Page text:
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Local bananas passed up for imports spells ‘disaster’ for farmers

3. Local Bananapocalypse
(Photo: Wikimedia Commons)
AMMAN — It’s banana season, and a large number of farmers are complaining about their inability to sell their local produce in the face of competition from cheaper foreign imports.اضافة اعلان

The local banana is being squeezed out of the market by large quantities of imported produce.

Jordan News spoke to member and media spokesperson of the Jordan Valley Farmers Association, Muhammad Abu Tabikh, who said that farmers were promised protections for local produce four years ago.

He said local farmers supplied Jordan’s needs, which the Ministry of Agriculture said ranges between 200 to 250 tons of local bananas, while 50 tons of Ecuadorean bananas were imported. “This year, we were able to supply 300 tons of local bananas, compared to thousands of tons of Ecuadorian bananas that flooded the market this year. As a result the Jordanian farmer is losing out,” said Abu Tabikh.

“The Jordanian banana is one of the best types of bananas in the world,” said Abu Tabikh, adding that it was previously known the “rihawi’’ banana.
“However, people today and some media outlets distort our product’s reputation, claiming that the Ecuadorian banana is the best and least expensive, while they don’t know how much growing our bananas costs us,” he said.

Misrepresenting local produce

Abu Tabikh said the big problem is that local bananas are not even sold as such, but are labelled as Somali or Lebanese bananas. “The image of the local product is distorted, and the citizen avoids it,” he said.

Last year, he said that farmers distributed large quantities of bananas for free as a result of the impact of the COVID-19 pandemic, an expected loss due to exceptional circumstances.

“This year the blame lies with the Agriculture Ministry, which issued many permits to traders to import bananas from abroad, which was the main reason the local bananas accumulated and remained unsold,” said Abu Tabikh, adding that Jordanian farmers suffered huge losses as a result.

As for the measures taken by farmers, he said they have resorted to the ministry, and the news media, but did not achieve any results. “When the (now former) agriculture minister was appointed, he appeared on (television) and said that he would flood the Jordanian market with bananas,” Abu Tabikh said.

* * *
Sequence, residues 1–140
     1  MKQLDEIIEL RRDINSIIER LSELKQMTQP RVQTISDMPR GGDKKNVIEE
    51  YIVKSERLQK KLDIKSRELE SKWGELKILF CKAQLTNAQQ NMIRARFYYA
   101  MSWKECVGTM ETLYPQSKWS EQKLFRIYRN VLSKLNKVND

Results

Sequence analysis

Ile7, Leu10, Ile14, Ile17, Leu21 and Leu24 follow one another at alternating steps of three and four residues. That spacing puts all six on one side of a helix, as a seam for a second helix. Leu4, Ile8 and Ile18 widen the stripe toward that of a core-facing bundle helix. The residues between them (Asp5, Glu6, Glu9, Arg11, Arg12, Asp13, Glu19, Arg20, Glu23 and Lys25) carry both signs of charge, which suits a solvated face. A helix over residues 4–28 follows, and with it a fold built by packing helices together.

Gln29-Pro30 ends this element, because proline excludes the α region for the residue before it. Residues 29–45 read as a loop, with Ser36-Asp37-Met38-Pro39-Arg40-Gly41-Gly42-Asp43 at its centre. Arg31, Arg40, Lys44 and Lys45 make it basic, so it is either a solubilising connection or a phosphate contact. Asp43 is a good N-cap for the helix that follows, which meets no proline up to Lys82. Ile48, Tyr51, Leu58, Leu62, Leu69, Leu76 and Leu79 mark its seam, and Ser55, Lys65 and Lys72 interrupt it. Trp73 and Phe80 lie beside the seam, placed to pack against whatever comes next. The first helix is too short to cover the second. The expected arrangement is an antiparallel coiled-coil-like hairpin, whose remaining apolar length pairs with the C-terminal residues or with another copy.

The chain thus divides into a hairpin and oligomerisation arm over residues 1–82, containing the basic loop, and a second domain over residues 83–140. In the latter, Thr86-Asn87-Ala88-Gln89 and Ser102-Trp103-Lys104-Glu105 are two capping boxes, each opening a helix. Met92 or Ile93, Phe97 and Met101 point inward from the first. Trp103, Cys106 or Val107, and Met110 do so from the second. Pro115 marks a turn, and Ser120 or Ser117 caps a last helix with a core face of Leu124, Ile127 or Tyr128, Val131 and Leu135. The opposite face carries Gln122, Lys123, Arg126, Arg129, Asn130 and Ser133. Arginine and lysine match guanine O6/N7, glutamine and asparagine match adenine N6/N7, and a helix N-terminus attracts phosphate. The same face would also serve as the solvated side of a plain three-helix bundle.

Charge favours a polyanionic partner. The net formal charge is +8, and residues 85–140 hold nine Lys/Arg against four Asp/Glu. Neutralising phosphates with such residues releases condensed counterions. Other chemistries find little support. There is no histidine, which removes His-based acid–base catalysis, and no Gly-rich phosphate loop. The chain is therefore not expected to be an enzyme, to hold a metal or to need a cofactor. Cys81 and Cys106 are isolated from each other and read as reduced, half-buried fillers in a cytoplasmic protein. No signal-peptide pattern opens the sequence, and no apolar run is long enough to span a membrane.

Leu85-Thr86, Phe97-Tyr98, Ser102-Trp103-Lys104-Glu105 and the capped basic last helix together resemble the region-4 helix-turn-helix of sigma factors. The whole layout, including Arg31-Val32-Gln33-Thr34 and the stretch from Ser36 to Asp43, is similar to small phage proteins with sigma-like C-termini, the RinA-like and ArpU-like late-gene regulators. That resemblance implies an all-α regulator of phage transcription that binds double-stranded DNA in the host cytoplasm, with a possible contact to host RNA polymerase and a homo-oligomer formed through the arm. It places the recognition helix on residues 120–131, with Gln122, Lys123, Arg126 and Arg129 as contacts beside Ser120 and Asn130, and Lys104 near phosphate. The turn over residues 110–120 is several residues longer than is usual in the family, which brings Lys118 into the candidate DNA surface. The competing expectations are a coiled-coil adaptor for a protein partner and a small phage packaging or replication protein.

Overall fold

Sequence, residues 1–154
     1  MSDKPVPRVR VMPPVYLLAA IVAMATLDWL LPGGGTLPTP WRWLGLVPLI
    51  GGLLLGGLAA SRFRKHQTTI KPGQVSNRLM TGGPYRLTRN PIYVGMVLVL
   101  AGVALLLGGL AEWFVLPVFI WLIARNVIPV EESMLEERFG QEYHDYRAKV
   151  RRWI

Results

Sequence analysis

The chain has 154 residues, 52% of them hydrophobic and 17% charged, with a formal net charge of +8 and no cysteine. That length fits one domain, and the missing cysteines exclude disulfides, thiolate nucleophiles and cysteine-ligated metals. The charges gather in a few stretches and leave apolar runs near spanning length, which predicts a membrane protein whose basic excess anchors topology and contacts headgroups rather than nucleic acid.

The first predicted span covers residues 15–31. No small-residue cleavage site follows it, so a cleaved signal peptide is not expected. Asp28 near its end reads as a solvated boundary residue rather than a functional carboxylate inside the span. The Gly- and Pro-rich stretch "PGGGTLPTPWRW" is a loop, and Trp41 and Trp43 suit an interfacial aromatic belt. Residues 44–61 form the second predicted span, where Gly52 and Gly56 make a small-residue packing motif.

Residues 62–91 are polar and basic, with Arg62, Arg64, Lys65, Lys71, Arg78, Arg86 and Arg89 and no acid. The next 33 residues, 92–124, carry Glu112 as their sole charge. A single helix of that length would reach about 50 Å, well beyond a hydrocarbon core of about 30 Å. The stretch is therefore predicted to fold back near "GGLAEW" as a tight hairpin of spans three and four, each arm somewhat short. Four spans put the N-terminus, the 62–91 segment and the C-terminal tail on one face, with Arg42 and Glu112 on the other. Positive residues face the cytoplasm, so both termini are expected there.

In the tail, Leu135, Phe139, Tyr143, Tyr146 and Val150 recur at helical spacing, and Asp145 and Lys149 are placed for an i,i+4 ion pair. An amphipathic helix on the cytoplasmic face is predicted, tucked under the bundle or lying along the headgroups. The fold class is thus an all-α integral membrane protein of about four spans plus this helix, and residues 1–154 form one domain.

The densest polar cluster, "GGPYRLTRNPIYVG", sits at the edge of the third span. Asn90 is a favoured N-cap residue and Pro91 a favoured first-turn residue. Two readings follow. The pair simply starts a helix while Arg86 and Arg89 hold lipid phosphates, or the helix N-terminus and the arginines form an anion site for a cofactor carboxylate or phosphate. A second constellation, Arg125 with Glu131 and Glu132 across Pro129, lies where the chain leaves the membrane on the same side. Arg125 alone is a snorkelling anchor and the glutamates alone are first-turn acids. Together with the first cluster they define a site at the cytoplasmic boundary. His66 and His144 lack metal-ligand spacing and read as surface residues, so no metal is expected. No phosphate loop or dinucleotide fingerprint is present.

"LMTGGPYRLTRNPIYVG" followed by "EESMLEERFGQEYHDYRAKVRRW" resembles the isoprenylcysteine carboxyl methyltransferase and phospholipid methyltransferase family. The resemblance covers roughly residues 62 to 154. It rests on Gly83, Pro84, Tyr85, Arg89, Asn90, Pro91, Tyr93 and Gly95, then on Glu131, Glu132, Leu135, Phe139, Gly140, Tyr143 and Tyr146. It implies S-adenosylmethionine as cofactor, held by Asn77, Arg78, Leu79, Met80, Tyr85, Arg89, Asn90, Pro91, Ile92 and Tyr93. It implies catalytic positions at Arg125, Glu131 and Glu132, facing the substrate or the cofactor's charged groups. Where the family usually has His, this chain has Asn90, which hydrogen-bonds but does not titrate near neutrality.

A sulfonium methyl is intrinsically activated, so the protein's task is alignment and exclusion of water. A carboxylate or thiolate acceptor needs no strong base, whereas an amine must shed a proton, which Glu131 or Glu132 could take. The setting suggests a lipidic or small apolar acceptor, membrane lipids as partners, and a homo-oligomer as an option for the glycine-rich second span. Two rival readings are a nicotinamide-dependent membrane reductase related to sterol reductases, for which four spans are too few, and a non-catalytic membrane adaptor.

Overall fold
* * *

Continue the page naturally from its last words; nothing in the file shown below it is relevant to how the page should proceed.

“Flooding the market with bananas means the destruction of the local farmer, and the accumulation of debt by the farmer, which can only lead to imprisonment with no ability to pay those debts,” he added.

Huge banana surplus

The association’s spokesperson said that it is imperative that at the start of October markets are devoted only to local produce, as it is peak time for local bananas. While issuance of import permits for bananas stopped during this time, the problem was with the permits approved shortly before this date, as their products still fill the market.

In the Amman market alone, there are 180 tons of bananas, a city which consumes 60 percent of the quantity supplied, but this quantity constitutes a large surplus compared to the natural consumption of the population.

“During the pandemic period, everyone suffered from border closures, but local farmers were able to meet citizens’ needs for vegetables and fruits, mainly onions and potatoes, all at reasonable prices within everyone’s reach.

“People did not need imported products in large quantities then. The ministry and everyone should appreciate the efforts of our farmers, they really are the unknown soldiers of this country,” Abu Tabikh said.

He said that farmers demand the transfer of surplus imported produce that arrive in huge quantities to neighboring countries, and to make room in the market for local bananas — something that should have happened from the start.

‘Bananas on the roads’

“In the next 10 days, people will find large quantities of bananas on the roads, and I speak with great confidence, as I am aware of the huge quantities that have been imported,” Abu Tabikh said.

Asked about the difference in price between local bananas and Ecuadorian bananas, farmer Mustapha Obeid said: “The high prices of local bananas is not the farmer’s fault, but the high cost of cultivation. This includes the cost of fertilizers, agricultural tools, heavy machinery, labor costs, and the costs of storage, packaging and shipping to Amman and other governorates.”

He said that on top of this high cost, merchants raise their profit margins, which makes the customer think farmers are charging high prices for their produce.

Obaid said that the large amount of bananas that has accumulated is a “disaster”. “This is my livelihood, which is being destroyed, and I cannot save it in view of the high temperatures, which will cause these bananas to spoil faster. Who will bear these losses other than the farmer?” he asked.

Despite attempts by Jordan News to contact the official spokesperson for the Ministry of Agriculture, he was unavailable for comment. 

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